Monday, December 27, 2010

kindling

I got a new tech-toy that I'm more excited about than any other new tech-toy since wireless internet or maybe ultra-cheap digital storage.

Ironically, I was finally convinced to buy a Kindle for the most un-tech of motives. With a one-month battery life and 8 ounce size, I can take a week's worth of reading material on a backpacking trip without making my backpack too heavy to lift. With the non-backlit screen, I can use it outside and with a dim red flashlight at star parties. And with 3G internet, with a new REAL (not just text and mobile pages) web browser built in, I can leave the laptop and cell phone at home way more often.

Ok, the price was a motive too. It's fallen in half since its initial release, and if I drop internet service on my phone it'll pay for itself in 19 months. I honestly don't know how amazon makes money. Obviously the idea is that losing money on the free 3G will be made up for by selling their proprietary format kindle books, but with a real web browser people will want them just for that and skip the books. Not to mention that it's insanely easy to fill up with, um, various forms of free reading material...

Even ignoring the kindle, I can't imagine what outrageously good bulk shipping contract they've worked out that the free 2-day shipping on everything (for students, at least) pays for itself in increased sales. And last week I discovered an arbitrage opportunity in returns: I accidentally ordered the wrong version of something, sent it back, and they reimbursed me fully plus $3 more than I paid for return shipping. Presumably they keep an eye on frequency of returns...

I think I'm perfectly fine with amazon taking over the world with google. But in case they don't, I figured I should buy one now before they drop the free 3G...

Anyway, I've been using this thing for a month now and have only discovered new good points about it that make me wonder why I didn't think this was a great idea from the start.

1) It is SO easy to hold and read. Just prop it on something and it stays "open" and you hit a little button occasionally to turn the page. One-handed operation in any crazy lounging position imaginable.

2) The text is very easy on your eyes compared to reading e-books on a backlit computer screen. E-ink is awesome. (Something to do while holding a fishing rod in the other hand!)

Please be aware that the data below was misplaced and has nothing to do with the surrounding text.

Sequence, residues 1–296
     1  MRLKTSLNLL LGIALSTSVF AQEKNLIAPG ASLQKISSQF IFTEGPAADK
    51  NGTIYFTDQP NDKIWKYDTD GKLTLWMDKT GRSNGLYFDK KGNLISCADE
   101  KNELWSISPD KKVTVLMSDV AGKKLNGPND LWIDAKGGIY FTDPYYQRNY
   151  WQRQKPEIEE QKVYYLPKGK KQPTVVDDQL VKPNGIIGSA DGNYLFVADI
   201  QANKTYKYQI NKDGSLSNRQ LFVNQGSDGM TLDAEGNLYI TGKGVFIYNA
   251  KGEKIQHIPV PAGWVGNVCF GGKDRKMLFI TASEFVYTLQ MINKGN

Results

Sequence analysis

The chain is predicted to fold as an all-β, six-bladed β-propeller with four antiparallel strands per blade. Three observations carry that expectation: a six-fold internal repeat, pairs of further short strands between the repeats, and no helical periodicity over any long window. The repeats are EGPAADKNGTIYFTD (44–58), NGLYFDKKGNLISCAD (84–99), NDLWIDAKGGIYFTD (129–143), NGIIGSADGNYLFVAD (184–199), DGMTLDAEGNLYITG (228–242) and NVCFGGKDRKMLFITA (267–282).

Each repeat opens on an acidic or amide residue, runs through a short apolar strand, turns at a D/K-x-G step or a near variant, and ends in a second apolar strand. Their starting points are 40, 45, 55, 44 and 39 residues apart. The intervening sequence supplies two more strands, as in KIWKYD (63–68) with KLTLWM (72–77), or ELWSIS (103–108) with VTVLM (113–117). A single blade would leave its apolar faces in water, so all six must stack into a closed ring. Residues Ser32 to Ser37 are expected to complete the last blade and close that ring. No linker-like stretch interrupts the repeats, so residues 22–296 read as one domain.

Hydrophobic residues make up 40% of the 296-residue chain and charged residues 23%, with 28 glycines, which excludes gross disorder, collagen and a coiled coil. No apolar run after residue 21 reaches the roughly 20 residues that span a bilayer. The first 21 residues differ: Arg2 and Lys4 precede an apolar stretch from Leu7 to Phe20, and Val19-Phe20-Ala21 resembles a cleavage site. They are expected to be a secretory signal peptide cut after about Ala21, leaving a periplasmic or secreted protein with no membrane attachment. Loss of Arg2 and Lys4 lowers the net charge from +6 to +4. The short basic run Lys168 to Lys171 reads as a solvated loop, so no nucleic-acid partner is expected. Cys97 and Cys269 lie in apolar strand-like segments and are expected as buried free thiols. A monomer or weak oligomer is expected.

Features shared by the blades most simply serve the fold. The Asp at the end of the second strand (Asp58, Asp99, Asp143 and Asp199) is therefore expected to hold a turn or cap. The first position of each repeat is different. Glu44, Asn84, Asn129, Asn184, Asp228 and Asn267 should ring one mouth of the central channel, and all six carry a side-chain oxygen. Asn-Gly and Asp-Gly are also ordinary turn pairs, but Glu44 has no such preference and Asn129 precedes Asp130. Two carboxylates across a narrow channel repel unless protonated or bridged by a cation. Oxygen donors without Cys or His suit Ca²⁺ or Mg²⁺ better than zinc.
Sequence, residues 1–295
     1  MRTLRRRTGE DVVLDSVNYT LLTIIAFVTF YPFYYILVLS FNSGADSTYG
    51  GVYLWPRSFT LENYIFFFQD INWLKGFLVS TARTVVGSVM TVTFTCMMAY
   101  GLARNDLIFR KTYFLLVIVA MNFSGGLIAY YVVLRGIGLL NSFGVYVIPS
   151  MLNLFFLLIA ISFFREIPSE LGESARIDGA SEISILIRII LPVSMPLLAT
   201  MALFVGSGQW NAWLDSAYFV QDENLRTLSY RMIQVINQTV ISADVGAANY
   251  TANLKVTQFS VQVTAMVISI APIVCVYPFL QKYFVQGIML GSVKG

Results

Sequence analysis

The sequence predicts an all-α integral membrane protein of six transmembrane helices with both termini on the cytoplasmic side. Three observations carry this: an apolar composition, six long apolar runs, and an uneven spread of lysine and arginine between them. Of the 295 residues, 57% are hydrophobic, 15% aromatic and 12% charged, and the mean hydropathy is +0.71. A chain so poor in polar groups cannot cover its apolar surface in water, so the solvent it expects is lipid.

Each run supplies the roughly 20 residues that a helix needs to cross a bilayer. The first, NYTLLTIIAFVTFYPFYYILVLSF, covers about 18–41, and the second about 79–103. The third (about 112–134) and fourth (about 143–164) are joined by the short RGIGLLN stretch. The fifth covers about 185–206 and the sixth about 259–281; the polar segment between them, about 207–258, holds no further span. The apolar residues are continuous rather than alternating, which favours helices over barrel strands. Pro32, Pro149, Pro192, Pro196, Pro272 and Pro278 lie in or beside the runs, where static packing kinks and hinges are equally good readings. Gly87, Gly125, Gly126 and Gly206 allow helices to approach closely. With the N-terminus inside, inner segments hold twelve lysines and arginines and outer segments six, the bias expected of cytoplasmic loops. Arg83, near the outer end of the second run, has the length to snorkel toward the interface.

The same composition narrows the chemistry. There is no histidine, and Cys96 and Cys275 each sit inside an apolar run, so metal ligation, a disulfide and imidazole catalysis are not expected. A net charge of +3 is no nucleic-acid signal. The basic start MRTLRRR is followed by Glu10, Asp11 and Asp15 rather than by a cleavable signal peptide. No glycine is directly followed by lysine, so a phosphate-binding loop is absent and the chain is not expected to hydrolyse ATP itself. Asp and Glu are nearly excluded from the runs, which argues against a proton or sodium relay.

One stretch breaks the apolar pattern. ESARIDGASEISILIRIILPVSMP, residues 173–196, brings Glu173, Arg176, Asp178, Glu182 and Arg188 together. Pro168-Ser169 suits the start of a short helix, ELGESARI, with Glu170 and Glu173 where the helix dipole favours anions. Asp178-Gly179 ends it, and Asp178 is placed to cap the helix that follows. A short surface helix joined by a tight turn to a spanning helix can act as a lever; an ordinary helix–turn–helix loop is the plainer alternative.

3) I am pretty sure I actually read faster on it than with a real book. I think it's primarily because I don't get lost in thought and accidentally read a whole page of text over again - only a tiny kindle-sized page. I also don't "read" without taking in the words for a long time before noticing it. The page ends too fast. But it also feels like the gravity pulling your eyes down the page is stronger on a little page that you can read in 5 or 10 seconds. If that makes any sense...

4) Searchable!

5) Notes, underlines, instant dictionary look-up - also all searchable!

6) I worried that without a physical book, my spatial memory that puts things in order based on where in the book and on the page it was would be undermined. But, with the little progress indicator at the bottom of the page, not at all. It's even better, I think, to see that you're 22% of the way through the book, rather than a-substantially-thick-portion-but-much-less-than-one-half.

7) So little and light! 8 ounces, can you believe that?

8) The pdf reading capabilities are much better than I ever hoped. I can put papers on it, rotate them 90 degrees to read half of each page on one landscape screen, and it is beautifully legible. I can't do math in the margins anymore, but that was always a pretty futile practice in such a cramped space anyway...

9) The web browser works so much better than on my phone. It loads the full, not mobile, page, and never "runs out of memory", as the phone did on about half of all pages. No more printing directions for the car or writing down library call numbers or phone numbers or addresses...

...hey amazon, want to pay me to keep gushing? :)

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